If you plan to make New Year’s resolutions, you’re not alone. According to The Barna Group survey, over 90 million Americans will kick off 2011 with a New Year’s resolution. So what’s the key to keeping a resolution? Just follow a few simple steps. Make goals simple, specific and within reach. Small changes that can reasonably be made throughout the year are the easiest to keep. According to the Marist poll, of the Americans making New Year’s Resolutions, over 50% plan some type of healthy lifestyle change.16% intend to "lose weight" and 8% to "exercise more," so diet plays a key role in reaching these goals. To get off to a healthy start for 2012, consider these easy, nutritious New Year’s Resolutions:
Try Something New
It’s time to be adventurous. Try at least one new food or find recipes for some of those lesser known vegetables, fruits or herbs. It is easy to get stuck in a routine and forget that eating a variety of colorful foods is essential. They provide antioxidants, a strong weapon against disease. Some less familiar produce are pomegranates, choy sum, galangal root, endive, kale and kumquats. Look around and explore the different options in your supermarket or find a recipe with one of these foods and make it. This is an easy goal that can introduce you to many new foods and meal options.
Love your Heart with Whole Grains
Eat at least three whole grains each day. Whole grains, one of the most beneficial foods for the body, contain vitamins, minerals and fiber. Fiber helps the heart, lowers cholesterol, reduces risk of some cancers and makes you feel full longer after a meal. According to the U.S. Department of Agriculture (USDA), Americans need 6-8 ounces of grains per day. An ounce of grains is the same as a slice of bread, ½ cup of cooked rice or one cup of dry cereal. At least half of grains should be whole grains. So choose whole wheat breads, pastas and rice throughout the day.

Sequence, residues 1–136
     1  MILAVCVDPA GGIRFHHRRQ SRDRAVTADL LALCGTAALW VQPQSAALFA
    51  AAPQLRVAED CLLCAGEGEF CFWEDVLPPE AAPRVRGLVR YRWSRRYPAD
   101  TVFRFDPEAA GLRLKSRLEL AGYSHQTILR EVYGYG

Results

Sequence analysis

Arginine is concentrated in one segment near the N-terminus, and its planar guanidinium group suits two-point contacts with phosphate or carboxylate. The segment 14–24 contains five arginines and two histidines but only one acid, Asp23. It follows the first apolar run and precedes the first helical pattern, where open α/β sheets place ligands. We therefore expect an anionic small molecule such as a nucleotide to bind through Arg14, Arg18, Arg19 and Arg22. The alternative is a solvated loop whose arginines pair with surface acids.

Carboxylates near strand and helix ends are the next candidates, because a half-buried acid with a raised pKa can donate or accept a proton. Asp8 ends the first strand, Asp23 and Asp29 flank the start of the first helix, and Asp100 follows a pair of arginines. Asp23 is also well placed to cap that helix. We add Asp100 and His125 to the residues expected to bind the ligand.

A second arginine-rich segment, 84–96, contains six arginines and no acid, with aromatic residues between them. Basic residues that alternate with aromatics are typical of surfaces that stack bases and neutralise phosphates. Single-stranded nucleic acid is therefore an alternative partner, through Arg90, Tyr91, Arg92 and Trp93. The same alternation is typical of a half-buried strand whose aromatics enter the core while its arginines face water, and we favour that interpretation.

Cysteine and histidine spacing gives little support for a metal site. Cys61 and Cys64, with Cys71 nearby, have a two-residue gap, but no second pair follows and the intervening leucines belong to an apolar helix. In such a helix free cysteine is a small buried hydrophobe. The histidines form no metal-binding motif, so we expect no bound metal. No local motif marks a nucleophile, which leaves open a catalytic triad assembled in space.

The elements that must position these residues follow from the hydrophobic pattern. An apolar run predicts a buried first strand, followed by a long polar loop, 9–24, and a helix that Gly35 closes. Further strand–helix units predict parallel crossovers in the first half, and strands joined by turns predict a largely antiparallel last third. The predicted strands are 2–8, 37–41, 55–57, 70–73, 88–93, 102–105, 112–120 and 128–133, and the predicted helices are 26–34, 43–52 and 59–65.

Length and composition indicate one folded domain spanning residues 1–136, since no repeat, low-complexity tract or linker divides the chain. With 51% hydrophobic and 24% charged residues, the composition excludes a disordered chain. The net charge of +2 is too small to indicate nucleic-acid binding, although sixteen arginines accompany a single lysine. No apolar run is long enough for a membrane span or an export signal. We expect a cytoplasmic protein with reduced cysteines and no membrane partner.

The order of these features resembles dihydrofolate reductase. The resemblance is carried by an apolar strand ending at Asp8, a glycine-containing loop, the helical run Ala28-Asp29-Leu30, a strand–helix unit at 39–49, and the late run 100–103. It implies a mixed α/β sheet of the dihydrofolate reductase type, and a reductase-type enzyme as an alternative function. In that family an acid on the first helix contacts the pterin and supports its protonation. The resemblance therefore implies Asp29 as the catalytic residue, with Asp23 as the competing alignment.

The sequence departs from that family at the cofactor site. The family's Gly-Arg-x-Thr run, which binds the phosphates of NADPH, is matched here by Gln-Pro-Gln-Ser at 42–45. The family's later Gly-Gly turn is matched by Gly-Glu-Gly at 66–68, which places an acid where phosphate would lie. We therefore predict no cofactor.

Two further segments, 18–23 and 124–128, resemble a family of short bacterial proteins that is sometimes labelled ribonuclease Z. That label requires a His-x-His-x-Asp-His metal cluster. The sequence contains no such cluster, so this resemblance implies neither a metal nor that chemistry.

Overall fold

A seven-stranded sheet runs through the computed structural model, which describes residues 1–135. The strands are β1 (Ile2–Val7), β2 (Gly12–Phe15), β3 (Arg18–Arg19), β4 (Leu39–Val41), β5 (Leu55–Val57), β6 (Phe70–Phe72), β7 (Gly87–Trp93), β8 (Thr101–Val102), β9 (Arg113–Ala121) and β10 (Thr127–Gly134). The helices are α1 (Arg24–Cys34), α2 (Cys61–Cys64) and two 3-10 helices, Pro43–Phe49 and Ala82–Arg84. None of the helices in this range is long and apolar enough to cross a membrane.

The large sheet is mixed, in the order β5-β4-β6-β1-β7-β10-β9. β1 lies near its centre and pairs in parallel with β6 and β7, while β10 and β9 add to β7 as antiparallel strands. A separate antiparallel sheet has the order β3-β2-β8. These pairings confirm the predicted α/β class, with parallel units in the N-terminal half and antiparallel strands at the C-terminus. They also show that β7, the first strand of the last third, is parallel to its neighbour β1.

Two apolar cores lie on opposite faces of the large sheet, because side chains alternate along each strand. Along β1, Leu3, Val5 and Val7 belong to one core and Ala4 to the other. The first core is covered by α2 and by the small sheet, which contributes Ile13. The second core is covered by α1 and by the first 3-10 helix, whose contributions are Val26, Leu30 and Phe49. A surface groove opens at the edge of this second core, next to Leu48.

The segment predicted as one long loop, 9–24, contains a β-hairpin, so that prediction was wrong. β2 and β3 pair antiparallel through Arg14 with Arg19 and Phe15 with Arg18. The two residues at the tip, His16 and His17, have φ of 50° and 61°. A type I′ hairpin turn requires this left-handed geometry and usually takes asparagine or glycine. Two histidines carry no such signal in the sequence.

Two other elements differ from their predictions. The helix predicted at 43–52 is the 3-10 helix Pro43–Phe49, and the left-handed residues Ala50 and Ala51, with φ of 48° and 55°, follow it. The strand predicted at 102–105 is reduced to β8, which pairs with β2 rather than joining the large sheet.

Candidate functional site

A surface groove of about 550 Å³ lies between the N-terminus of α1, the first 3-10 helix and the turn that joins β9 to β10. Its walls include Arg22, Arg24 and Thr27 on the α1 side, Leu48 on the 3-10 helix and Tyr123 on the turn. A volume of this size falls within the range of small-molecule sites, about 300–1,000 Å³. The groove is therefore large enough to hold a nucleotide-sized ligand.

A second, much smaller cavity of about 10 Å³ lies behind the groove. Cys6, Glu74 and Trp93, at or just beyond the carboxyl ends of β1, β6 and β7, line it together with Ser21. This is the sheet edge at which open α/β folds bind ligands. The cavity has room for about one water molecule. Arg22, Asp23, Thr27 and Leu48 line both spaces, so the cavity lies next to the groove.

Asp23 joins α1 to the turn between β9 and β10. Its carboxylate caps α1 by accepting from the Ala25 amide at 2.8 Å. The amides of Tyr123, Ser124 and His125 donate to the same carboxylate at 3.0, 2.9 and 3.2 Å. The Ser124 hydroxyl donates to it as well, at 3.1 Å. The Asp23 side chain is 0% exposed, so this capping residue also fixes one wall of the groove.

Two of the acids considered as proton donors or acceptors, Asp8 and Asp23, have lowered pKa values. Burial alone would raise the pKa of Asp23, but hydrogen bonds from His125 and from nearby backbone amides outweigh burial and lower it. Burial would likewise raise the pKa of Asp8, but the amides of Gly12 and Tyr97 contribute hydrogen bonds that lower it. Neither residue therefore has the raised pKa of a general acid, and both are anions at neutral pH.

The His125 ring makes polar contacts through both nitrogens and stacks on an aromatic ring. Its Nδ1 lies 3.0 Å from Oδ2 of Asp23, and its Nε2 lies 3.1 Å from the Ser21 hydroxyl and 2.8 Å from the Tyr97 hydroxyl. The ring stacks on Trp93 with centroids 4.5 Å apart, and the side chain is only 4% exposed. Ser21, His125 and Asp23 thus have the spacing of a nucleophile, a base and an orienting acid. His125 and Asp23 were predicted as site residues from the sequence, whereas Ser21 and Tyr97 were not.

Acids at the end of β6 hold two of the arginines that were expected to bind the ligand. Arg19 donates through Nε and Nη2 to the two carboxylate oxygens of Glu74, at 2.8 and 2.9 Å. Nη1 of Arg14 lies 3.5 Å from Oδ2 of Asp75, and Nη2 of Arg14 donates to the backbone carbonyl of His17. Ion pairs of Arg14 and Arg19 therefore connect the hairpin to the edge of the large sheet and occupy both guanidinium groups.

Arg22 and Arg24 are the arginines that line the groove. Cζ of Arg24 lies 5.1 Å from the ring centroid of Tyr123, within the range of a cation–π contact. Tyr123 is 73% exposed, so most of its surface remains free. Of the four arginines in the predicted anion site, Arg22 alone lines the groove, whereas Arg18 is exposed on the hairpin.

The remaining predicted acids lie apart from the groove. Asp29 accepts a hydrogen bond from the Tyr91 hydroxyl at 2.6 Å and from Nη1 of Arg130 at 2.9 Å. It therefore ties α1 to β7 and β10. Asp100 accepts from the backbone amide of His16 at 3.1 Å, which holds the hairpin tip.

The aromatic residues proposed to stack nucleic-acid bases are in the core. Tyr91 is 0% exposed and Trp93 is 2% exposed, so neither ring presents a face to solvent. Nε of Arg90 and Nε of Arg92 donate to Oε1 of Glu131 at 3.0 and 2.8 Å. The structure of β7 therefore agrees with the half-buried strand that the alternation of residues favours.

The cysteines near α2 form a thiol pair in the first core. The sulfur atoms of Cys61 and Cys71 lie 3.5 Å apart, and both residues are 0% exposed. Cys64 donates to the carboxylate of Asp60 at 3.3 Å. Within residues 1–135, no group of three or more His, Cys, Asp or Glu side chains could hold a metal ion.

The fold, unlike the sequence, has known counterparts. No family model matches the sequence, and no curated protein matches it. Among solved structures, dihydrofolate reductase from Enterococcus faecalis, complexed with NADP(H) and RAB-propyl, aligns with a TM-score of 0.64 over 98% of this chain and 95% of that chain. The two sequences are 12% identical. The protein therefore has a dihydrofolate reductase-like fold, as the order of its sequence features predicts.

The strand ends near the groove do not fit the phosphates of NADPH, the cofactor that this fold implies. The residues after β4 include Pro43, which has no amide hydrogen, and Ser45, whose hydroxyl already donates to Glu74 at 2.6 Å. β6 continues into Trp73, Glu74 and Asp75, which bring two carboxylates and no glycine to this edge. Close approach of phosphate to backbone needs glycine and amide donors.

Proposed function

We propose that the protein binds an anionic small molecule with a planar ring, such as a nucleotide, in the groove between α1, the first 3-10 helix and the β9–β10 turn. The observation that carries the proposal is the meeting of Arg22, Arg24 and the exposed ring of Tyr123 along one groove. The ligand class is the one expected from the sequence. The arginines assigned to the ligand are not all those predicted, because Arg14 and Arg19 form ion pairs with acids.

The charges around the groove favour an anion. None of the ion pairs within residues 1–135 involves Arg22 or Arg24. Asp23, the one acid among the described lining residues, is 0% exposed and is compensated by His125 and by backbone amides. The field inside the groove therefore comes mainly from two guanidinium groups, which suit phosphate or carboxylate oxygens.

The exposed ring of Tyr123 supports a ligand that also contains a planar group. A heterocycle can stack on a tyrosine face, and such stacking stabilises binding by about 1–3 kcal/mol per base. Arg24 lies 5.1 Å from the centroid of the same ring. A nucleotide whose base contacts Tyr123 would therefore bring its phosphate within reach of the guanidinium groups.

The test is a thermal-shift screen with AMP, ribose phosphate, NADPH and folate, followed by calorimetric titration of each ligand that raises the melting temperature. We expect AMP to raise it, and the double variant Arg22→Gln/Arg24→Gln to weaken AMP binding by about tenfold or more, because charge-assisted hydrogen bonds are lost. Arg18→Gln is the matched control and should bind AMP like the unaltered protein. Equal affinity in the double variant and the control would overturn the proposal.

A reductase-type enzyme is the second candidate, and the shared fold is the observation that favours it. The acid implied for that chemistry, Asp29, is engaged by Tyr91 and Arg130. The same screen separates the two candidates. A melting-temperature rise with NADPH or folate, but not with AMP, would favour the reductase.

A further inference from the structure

Water: The energy drink
Drink at least four cups of water a day. Most adults need about 8 to 13 cups a day to replace what is lost. Our bodies are made of about 70% water, which can be lost through breathing, sweating and urinating. According to the USDA, one in three Americans over 60 is not drinking enough fluids. One simple way to boost fluid is keeping a bottle of water or other drink with you throughout the day to sip on. Replacing sodas with water is a good way to increase fluid and decrease calories. Also be sure to drink more water before and after exercising. Other beverages that provide water and healthy nutrients are low fat milk, tea or small servings of fruit juice. Most importantly, staying hydrated will keep energy up all day.
Omega-3: The Good Fat
Fat is another important part of the diet. "Good" unsaturated fats and omega-3’s are the superstars of this group that protect the heart and help lower blood pressure. So eating at least one omega-3-rich food each day is an easy, healthy goal. Foods boast omega-3’s include salmon, tuna, sardines, flax seed, walnuts, canola oil and canned spinach.
Planning for Success
Finally, one of the most helpful resolutions is planning. Preparing meals ahead can save time and money. According to a Penn State survey, people who planned meals ahead were more successful at losing weight. Try it once and see how it goes. It’s simple: create menus for two weeks of meals, make a grocery list and stick to it and prepare parts of the meals one day of the week. For example, on Saturday, make dinners that can easily be frozen and re-heated during the week and pack all of the lunches for the week. By planning ahead you’ll make fewer unhealthy food choices and save money by eating out less often.
Erin Landa is a December 2011 graduate of at Texas Woman’s University dietetic internship who completed a community nutrition rotation with Neva Cochran in December.